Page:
1. Creationism is the real intellectual background of Darwinian theory.
Creationism is where Charles Darwin got started, and you can’t understand The Origin of Species — a very beautiful book, by the way — without understanding those arguments. You also can’t understand why it was so hard for other naturalists at the time, who knew the same facts, to come to Darwin’s conclusions. Darwin had great intellectual courage, and you don’t get that by sticking to orthodoxy.
2. Science is a Darwinian enterprise.
But even more important, to understand biology you have to argue biology. You can’t do that unless you see the pros and cons. Darwin never thought all the evidence was in his favor, because he had a very deep understanding of the facts. Darwin was an amazing observer. He learned from the behavior of his dogs, from seeing earthworms in his garden, from talking to animal breeders and farmers. He thought the overall weight of evidence favored “descent by variation and selection of the fittest.”
But as a naturalist Darwin loved to wonder about the questions he couldn’t quite resolve. Some of those puzzles are still unanswered. They are fascinating, and real biologists think about them. We still don’t understand how new species arise; we see mutations, all right, but speciation continues to be an incomplete story.
Biological dogmas are overthrown all the time. Crick and Watson called their understanding of DNA “the basic dogma of molecular biology.” Calling it a “dogma” was a little joke. They understood that like other scientific beliefs, it was likely to be overthrown in the future. And guess what? The “basic dogma of molecular biology” has now been found to be flawed. Science is fun.
I have a suspicion about repetitive media alarm that somebody might be teaching Creationism in the schools: It comes from people who don’t understand Darwin. If they did, they would trust the evidence. All the hysteria about Creationism is batty because Darwinian theory is taught in every biology class in every high school and college in the world. There’s no lack of evolutionary theory in the classrooms. So the fear of Creationism is just a little weird.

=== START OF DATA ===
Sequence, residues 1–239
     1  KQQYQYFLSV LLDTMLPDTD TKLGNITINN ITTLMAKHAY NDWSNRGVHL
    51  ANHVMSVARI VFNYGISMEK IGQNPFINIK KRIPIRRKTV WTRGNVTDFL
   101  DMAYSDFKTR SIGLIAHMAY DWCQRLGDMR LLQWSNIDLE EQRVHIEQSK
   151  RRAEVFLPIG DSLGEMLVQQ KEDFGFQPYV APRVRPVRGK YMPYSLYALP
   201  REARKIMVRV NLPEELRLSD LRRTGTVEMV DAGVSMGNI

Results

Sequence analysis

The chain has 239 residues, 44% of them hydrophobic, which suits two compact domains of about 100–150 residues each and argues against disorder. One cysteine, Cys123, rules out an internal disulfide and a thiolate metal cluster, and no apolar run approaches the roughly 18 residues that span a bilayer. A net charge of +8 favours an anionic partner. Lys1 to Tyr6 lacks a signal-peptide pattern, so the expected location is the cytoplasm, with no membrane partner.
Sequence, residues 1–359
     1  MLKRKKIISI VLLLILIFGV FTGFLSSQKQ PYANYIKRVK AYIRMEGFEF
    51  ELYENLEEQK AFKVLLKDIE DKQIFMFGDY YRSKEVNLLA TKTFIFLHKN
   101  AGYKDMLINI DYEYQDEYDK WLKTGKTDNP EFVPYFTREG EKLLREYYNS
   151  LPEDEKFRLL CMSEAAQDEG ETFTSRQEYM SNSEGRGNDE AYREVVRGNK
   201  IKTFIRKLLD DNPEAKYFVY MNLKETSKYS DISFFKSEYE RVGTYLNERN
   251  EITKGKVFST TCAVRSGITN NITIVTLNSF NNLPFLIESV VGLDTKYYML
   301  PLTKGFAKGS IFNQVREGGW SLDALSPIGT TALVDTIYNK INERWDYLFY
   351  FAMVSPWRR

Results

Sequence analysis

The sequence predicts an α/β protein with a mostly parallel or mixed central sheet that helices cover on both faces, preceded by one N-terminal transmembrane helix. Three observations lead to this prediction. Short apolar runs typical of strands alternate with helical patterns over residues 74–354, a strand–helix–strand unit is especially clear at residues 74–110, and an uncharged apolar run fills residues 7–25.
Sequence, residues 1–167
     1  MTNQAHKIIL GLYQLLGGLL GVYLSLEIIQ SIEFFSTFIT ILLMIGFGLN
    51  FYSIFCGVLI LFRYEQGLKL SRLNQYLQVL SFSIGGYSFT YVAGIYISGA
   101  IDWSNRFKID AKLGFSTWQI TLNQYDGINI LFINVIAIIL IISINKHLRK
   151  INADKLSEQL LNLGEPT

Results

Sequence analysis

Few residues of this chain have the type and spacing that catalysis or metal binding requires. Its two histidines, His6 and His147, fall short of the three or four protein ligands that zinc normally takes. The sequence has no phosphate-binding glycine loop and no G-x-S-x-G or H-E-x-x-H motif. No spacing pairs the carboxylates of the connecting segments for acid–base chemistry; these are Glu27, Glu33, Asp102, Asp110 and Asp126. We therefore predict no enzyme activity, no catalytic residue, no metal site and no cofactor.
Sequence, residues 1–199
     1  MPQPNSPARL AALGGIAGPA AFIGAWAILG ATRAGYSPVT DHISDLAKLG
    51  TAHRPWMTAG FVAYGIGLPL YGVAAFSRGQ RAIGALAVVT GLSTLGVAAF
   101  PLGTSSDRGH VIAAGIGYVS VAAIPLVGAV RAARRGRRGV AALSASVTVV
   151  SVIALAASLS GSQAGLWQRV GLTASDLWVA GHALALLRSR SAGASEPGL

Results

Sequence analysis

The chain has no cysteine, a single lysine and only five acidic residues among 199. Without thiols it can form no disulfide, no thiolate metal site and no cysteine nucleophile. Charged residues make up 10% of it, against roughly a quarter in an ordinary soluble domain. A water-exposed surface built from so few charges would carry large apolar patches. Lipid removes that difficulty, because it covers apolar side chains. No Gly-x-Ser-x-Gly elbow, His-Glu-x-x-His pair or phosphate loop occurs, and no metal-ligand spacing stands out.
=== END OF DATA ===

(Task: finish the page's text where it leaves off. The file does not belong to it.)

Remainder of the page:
To teach biology you have to encourage students to learn all sides of an argument. Kids should see science as an adventure. Adventures are open-ended. You don’t know the ending when you start. It’s got danger and excitement and thrills. You get forbidden ideas and unexpected facts. Suppose the earth were flat? How do I know it’s not? Suppose God created the first human being? How do I know if it’s true or not? If you can’t figure out the answers, you haven’t learned how to do science. You’ve only memorized a catechism. Our trouble is that we teach Darwinism as a catechism, when we should be teaching it as an adventure.
Richard Feynman used to say that if you can’t explain physics to a six-year old you don’t really understand it. He meant that you can take physics apart piece by piece and make everything so simple and clear that anyone who bothers to pay attention should be able to get it. You only get that if you think about all the pros and cons with the kind of love and attention that an artist devotes to looking at colors, textures, and shadings to see how they set each other off.
That’s why Creationism is important for biology students. I don’t think Creationism is scientifically satisfying, because it explains too much, and the explanation always sounds post-hoc. But kids need to play with it to understand why both sides are important.
And whether it’s true in the long run — who knows? Allow that shiver of doubt. It’s good for you.